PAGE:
My husband and I were faced with the same decision as many of you: to tell our children or not to tell our children of this unspeakable event? Do we keep them in their bubble only to have it burst when they hear an older child or a peer with an older sibling talk about it outside of our earshot? Do we hide the news from them? Do we tell them all the gory details or water it down? What do we do?!?!

I was instantly brought back to when I was teaching second grade that fateful September 2001. Keep in mind I was in Northern California—3 hours behind the East Coast. Parents knew.  Most adults were in shock, some were crying, and almost none had told their young children. They dropped them off with us, went home to watch the news and cry. We were left to “act normal” and stay away from news unless we could escape to the teachers’ room to watch the television someone had turned on. It was the hardest day of my career as a teacher. Most teachers would probably agree with that, or they would have until yesterday.

Back then, our principal’s instructions were to act as if life had not changed. We were all instructed to be present at recess and lunch, and to be vigilant about eavesdropping on kids’ conversations. We were to keep the classroom safe and happy. Of course, we were to address any issues we overheard.  No lesson plan, no contrived discussions. Our students were young and many parents did not want to cause them unnecessary stress and anxiety. We were to see what our students and parents needed from us.

Those were the days before I was a mother. It was so difficult to act normal. So hard to smile and ignore how this one day had and would change the rest of our lives. But for my class of second graders, it didn’t change their lives.  It was my job to see that it didn’t.  Part of me resented this. When could I grieve? When could I watch the news and cry my eyes out?

BUT NOW, ten years later, I GET IT!

My husband and I discussed how we didn’t want to scare our kids. One of our daughters would surely not sleep for weeks if we told all details. But then we thought some more. What if she went to school and heard misinformation over which we had no control? What if that scared her more than the facts we did not tell her? What if she did not feel safe coming to us because we pretended it did not happen?

We decided to tell the basic facts to our two older daughters—ages 8 and 6 and 1/2. A man who was very sick in his mind went to a school and hurt a lot of people. It was awful and sad and scary. There are many people who are safe now because of the teachers and others who did so much to keep them safe. We assured them they are safe at their school and that things like this are so rare. It won’t happen to them, we said.  In saying that, we were assuring ourselves more than them. We told them if they have ANY questions to talk to us, or their teachers.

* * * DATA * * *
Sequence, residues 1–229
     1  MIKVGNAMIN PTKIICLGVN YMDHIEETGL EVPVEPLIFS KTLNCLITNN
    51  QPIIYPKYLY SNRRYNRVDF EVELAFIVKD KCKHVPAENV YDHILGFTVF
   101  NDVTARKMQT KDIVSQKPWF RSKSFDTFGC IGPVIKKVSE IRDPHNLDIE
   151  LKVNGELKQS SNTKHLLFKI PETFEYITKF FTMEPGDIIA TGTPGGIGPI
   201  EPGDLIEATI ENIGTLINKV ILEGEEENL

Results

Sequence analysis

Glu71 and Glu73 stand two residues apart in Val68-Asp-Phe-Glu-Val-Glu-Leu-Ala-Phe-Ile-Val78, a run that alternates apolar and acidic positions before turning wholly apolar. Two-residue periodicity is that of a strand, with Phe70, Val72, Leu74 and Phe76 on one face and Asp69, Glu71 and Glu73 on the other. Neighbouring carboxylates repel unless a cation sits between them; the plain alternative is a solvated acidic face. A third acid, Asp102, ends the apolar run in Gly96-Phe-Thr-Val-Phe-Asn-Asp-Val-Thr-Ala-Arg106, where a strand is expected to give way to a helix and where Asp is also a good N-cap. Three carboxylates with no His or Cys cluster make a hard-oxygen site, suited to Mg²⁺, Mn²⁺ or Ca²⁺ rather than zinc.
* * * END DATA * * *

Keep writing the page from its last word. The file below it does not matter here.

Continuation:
How did it go? My middle daughter asked if he got everyone else sick. They asked where he is now. We said he is dead and can no longer hurt anyone else. And with that, the girls went back to their art project.

I don’t know what will happen when they go back to school and are with other kids. My hope is that they are too young to discuss current events, or that enough time will have passed since Friday and it won’t be a hot topic. I am hoping their school is on the same wavelengths as my own former principal.

Most of all, I am hoping I can keep my girls in this news-free bubble for a little while longer. Actually, I am hoping I can keep them in this bubble of safety and happiness forever. If anyone has ideas how to make that work, please let me know.

Back To Basics With Betsy

6 Dec


My two older daughters and I love reading the Betsy series by Carolyn Haywood. Some of you may have read it when you were little, but I would be willing to bet if your mothers were born and raised in this country they read the series when they were little. B is For Betsy was first published in 1939.

I devoured the series when I was little, and began to read it to my girls a couple of years ago. In the first book, Betsy started school. As my kids noticed right away, Betsy began her school career in First Grade.

Until then, Betsy and her friends were in playschool. My oldest asked me: “What on earth is PLAYSCHOOL? Sounds so fun!! They just played until first grade? They called it school?”

What could I answer? Yes, they did. And they grew into industrious, productive older students and eventually successful adults. If anything, they were happier, less stressed, and more independent than many students are today when they enter first grade. Back then, educators knew the true meaning of preschool: teach children to play and explore the world around them. When children understand how to be social beings, they can concentrate on the academic part of their schooling.

These days, we are so busy as adults that we tend to make sure our children are busy. We don’t want them to be “bored” or “under stimulated.”

All of these activities our children attend can have negative effects such as overstimulation and overtired children. We want to squeeze it all in, but is this lifestyle best for our children? Best for our family? Not necessarily…

My girls only have one extracurricular per week and I hold firm to that. I feel they need the time to play, relax, and have fun on their own. Luckily, my three kids are close enough in age to play with one another happily. I find that their peers are so busy that spontaneous playdates are near impossible–even on weekends.